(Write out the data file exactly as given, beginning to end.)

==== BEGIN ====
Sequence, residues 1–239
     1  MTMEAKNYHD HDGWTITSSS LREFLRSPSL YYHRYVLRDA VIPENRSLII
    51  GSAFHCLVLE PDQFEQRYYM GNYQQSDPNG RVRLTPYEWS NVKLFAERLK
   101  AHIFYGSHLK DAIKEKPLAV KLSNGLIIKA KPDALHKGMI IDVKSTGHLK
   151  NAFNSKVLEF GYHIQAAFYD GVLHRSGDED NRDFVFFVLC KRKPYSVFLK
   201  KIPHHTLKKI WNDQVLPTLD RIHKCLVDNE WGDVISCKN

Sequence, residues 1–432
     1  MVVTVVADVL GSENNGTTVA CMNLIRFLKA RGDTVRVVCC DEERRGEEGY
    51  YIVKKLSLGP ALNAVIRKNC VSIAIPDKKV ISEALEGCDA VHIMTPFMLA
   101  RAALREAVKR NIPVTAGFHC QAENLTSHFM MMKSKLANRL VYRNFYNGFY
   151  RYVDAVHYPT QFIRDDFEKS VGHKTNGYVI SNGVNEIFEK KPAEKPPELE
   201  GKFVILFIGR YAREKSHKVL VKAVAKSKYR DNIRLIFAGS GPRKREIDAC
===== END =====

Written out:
Sequence, residues 1–239
     1  MTMEAKNYHD HDGWTITSSS LREFLRSPSL YYHRYVLRDA VIPENRSLII
    51  GSAFHCLVLE PDQFEQRYYM GNYQQSDPNG RVRLTPYEWS NVKLFAERLK
   101  AHIFYGSHLK DAIKEKPLAV KLSNGLIIKA KPDALHKGMI IDVKSTGHLK
   151  NAFNSKVLEF GYHIQAAFYD GVLHRSGDED NRDFVFFVLC KRKPYSVFLK
   201  KIPHHTLKKI WNDQVLPTLD RIHKCLVDNE WGDVISCKN

Sequence, residues 1–432
     1  MVVTVVADVL GSENNGTTVA CMNLIRFLKA RGDTVRVVCC DEERRGEEGY
    51  YIVKKLSLGP ALNAVIRKNC VSIAIPDKKV ISEALEGCDA VHIMTPFMLA
   101  RAALREAVKR NIPVTAGFHC QAENLTSHFM MMKSKLANRL VYRNFYNGFY
   151  RYVDAVHYPT QFIRDDFEKS VGHKTNGYVI SNGVNEIFEK KPAEKPPELE
   201  GKFVILFIGR YAREKSHKVL VKAVAKSKYR DNIRLIFAGS GPRKREIDAC